You do a nice job of capturing the place and that little sense of sadness when you see something that was once so lively become so deserted.

    Most of the Michigan ghost towns I can think of off hand are old mining towns in the Upper Peninsula and Port Oneida near Traverse City in the northwestern lower peninsula…yup, I wrote about it http://www.midwestguest.com/2009/04/port-oneida-rural-historic-district-celebrates-northern-michigans-agricultural-heritage.html
    We spent a winter afternoon in Port Oneida earlier this year…and your Sims photos remind me a bit of that town. In Port Oneida, they’ve tried to preserve a bit of it as an “agricultural historic district”.

  10. Sandra Foyt on 31 Jul 2009 at 11:02 am

    We’ve been visiting “ghost towns” that are actually pretty lively with tourist trade. Sims, on the other hands, looks like the real McCoy.

  11. Annika Nelson on 12 Aug 2009 at 2:50 pm

    If you would like to read more about the First Lady’s visit to Sims, go to the Horizontal-Lines blog, the official blog of the North Dakota horizons magazine. I posted two blogs about her visit:

    http://horizontal-lines.typepad.com/horizontallines/2008/10/first-lady-laur.html

    http://horizontal-lines.typepad.com/horizontallines/2008/10/photos-from-the.html

  12. [...] Sims may be a ghost town, but Curlew is a mystery to me.  Sims at least has a website and some articles bringing it to life, but I haven’t found anything on the Internet about Curlew other than on maps.  And so I wonder:  Was Curlew a town, or just a township or school district name?  Was this sign from a cemetery, or was it erected especially to remember this locale?  What was Curlew like at its height? [...]

  13. John Piepkorn on 19 Aug 2009 at 9:37 am

    My father- in-law’s great-grandfather owned that brick house. We have one of the brick cornices in our house. The cemetery is interesting to look at also, everyone seems to be named peterson, anderson or johnson or some other Scandinavian name.

  14. [...] north of Sims and not too far from Curlew stands what’s left of North Almont, [...]

  15. [...] only to find that the elevators had been demolished a week earlier.  Annika Nelson, a native of Sims with whom I’ve been corresponding, alerted me to the fact that they’re no longer [...]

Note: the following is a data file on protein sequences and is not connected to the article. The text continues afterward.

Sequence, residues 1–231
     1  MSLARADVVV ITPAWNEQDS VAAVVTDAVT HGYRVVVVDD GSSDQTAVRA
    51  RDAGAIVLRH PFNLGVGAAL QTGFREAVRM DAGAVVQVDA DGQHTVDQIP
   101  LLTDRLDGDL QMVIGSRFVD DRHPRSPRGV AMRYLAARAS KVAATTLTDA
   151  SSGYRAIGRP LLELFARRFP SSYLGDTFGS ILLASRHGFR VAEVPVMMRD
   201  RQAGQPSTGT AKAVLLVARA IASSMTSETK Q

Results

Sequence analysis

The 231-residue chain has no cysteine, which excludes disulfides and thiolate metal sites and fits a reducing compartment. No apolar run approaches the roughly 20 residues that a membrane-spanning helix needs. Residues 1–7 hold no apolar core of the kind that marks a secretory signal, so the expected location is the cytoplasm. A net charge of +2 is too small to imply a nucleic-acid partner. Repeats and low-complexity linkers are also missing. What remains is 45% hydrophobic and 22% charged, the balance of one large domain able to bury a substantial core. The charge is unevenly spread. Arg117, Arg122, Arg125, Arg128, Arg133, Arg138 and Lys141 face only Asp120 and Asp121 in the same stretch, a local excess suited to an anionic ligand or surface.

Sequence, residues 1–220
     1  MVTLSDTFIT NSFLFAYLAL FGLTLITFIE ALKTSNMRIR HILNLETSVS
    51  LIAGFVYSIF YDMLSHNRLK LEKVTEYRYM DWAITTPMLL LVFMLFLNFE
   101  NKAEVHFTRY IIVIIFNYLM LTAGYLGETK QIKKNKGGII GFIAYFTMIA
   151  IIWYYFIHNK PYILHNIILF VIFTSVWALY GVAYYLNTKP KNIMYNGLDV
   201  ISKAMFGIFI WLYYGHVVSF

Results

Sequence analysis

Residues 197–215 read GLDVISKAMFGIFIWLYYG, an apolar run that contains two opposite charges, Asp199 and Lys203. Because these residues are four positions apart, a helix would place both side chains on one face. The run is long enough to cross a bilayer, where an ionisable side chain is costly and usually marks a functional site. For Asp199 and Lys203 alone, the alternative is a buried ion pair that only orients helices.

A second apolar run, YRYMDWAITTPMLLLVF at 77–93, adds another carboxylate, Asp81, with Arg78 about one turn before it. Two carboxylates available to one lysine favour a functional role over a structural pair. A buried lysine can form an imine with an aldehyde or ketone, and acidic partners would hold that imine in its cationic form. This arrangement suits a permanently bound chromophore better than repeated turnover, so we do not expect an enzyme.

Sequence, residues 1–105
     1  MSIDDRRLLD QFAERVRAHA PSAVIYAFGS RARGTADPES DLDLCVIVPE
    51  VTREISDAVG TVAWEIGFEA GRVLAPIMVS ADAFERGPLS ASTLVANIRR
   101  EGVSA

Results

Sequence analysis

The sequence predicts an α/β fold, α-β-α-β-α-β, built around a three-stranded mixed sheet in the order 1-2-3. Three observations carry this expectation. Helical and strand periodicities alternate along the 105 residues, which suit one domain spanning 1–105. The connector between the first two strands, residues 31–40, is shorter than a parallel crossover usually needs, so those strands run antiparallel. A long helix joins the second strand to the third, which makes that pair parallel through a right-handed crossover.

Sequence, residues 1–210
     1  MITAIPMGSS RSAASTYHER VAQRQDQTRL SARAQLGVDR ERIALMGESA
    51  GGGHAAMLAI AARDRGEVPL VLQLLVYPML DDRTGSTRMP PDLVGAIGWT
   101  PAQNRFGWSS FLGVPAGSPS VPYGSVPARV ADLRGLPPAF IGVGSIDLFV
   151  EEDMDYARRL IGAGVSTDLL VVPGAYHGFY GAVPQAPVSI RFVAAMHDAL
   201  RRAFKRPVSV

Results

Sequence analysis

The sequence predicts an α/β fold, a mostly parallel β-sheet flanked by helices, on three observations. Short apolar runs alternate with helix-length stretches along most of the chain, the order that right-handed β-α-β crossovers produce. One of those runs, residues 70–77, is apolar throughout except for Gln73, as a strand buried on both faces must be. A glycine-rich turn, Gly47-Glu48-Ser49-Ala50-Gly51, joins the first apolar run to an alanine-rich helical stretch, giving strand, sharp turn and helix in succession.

16. jessiev on 26 Aug 2009 at 10:12 pm

    amazing – such incredible photos.and yes, it makes me sad.

  17. [...] With a population of 800, Glen Ullin is faring better than its gone-but-not-forgotten neighbors of Sims, North Almont, and Curlew.  Several businesses line its main street, and there’s a still [...]

  18. [...] now you’ve seen my entries on Sims, Curlew, North Almont, and Glen Ullin, North Dakota.  These towns made a definite impression on my [...]

  19. Jessica on 11 Oct 2009 at 11:05 am

    Amazing photographs. Gotta love the scandanavian names.

  20. Beverly Inkster on 16 Mar 2012 at 9:32 pm

    Thank`s so much for the wonderful pictures… My Great grandmother vinnetta Orr was born in Sims , so it gives me an idea what it was like there..Makes me want to visit .. I am an artist so would kindly ask for permission to use your photos to create a painting.. I have a wimsical style.. so would be changing colors and moving things around.. Please let me know if this would be ok… If you would like to see my work go to the Lloyd Gallery.. Penticton B.C. Thanks again..

  21. Tina on 04 Jan 2013 at 9:15 am

    Such beautiful pictures thank you for sharing. I am curious as to why it is still a ghost town? why not sell and restore whats left? at some point that brick house will be no more so why not allow someone to save it and make it a home again?

  22. minnemom on 04 Jan 2013 at 9:21 am

    My best guess would be that all of the land is privately owned and is no longer really a town of any sort. Restoration of a house in that condition would likely be cost-prohibitive, and it’s a sparsely populated area of the state, so there may not be anyone interested in purchasing it. It’s hard to see these pieces of history fall apart, but there’s often not enough money to preserve everything we’d like to preserve.

    Thanks for your comment, and for reading the post.